Updated December 21, 2020

AFS was founded in 1947 out of a response to a global crisis by World War I and II American Field Service Ambulance Drivers. Responding quickly and with care in times of great need is in our DNA. AFSers are made for times like these.

No year has tested us more—we repatriated nearly 2,000 students and, as a result, faced unprecedented financial challenges. In true AFS spirit, volunteers, staff, supporters, and friends responded to the crisis by doing everything we could to move our mission forward.

As we navigate this pandemic, we are rebuilding and refocusing RIGHT NOW—not waiting until we can host and send students again.

Yet still, we were able to welcome 43 international students and send 45 Americans abroad on year programs—a remarkable feat and testament to the desire of US and international students to have these experiences.

In 2020, we launched innovative, virtual programs, some in partnership with the US Department of State sponsored programs. Quickly, it became clear that our innovation could—and would—impact thousands of lives in US communities—students, entire families, educators, volunteers, and others.

Like you, we look towards a brighter, post COVID-19 future and we have a new strategic plan in place. As we work towards becoming financially stable again, we will continue to innovate virtual learning opportunities, improve our technology, work differently with US educators and students, become a more diverse and inclusive organization, and engage our volunteers in new and needed ways.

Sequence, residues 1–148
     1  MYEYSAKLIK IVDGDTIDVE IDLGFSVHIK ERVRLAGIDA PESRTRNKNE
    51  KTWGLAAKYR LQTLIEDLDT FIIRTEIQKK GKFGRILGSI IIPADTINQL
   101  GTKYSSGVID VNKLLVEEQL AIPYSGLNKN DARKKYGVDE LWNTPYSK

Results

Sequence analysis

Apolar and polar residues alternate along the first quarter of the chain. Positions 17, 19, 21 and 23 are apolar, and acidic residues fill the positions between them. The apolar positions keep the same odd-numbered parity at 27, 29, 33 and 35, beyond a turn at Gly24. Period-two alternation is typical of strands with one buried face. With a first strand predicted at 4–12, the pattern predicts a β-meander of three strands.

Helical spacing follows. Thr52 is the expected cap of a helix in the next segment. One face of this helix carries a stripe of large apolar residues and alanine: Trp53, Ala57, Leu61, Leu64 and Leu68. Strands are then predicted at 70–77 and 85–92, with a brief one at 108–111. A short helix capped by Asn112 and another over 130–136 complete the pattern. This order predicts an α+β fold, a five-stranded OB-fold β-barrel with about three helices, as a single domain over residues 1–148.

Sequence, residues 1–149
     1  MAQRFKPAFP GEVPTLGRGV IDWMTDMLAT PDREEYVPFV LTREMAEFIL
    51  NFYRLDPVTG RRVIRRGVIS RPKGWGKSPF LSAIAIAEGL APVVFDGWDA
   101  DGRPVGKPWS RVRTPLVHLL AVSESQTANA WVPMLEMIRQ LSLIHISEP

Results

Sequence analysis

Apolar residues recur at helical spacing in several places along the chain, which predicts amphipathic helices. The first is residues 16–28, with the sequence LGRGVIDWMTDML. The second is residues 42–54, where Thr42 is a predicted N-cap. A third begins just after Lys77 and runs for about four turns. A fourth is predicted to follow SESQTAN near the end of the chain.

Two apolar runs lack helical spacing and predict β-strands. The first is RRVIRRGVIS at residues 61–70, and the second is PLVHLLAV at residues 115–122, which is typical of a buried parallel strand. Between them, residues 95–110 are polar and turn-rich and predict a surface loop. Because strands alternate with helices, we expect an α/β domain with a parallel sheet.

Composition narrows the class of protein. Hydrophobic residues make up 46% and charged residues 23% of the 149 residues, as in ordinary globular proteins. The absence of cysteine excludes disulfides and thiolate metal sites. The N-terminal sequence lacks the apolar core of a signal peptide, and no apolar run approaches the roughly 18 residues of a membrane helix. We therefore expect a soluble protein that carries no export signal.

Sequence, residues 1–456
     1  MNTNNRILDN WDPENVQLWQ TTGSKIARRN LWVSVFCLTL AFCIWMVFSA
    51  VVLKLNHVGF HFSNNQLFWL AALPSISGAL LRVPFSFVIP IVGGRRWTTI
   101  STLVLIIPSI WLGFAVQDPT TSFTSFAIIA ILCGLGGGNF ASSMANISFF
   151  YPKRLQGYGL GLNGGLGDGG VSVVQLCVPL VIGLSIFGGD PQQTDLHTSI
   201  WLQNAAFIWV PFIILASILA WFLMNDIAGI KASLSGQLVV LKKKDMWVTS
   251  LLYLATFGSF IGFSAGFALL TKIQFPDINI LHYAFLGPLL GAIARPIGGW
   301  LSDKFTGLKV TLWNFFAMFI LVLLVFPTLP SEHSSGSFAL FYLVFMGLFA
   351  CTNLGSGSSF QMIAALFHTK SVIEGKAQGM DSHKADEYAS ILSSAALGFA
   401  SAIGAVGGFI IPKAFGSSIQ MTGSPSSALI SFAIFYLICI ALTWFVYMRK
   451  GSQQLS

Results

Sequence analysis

As global citizens, we must continue to ‘walk together and talk together,’ and inspire more people to join us in creating a more just and peaceful world—like those featured in stories here.

We appreciate the ways you have reached out to us this year and hope we can continue to count on you as we work to rebuild. We thank you especially for sharing your stories and for your support.

Support for Students, Early Returnees, and Host Families

Returning home from an exchange program always comes with some challenges, like reverse culture shock and missing host communities. Host families often go through a similar transition and may feel a sense of loss as their students depart. We understand that coping with the distress caused by this pandemic and the abrupt end to our 2020 programs has made these readjustments even more difficult for students, new alumni, and host families.

That’s why we adapted the existing content and delivery of our Pre-Return Orientations for Hosted Students and Re-Entry Orientations for Students returning to the U.S. These orientations will continue to encourage and guide students to reflect on and grow from their intercultural journeys, before and after they return, but they will now be facilitated online by local volunteers and national staff. And, we added wellness tips and dedicated time and virtual space to process stress and disappointment students may be experiencing, as well as new ways to connect virtually with AFSers.

National Pre-Return Orientation webinars for hosted students took place weekly through April.

For Host Families whose students have already departed, we developed similar resources. This included a webinar with guided reflection activities and a short interview with our Mental Health Consultant, in which we discuss ways to help host families process the sudden departure of their students and cope with continued uncertainty. We are also offering additional support and resources to Host Families whose students have not yet departed.

As these opportunities are meant only for AFS students, returnees/alumni, and host families, we will not share registration links publicly. Invitations to register to these local and national online events were sent from volunteers and/or staff to students and families.

More opportunities to continue intercultural learning online and connect virtually with AFSers around the world are in progress. We know fostering global citizenship and connections across cultures are more important than ever.


Here you will find trusted sources of recommended precautions and actions, as well as advice on coping with stress.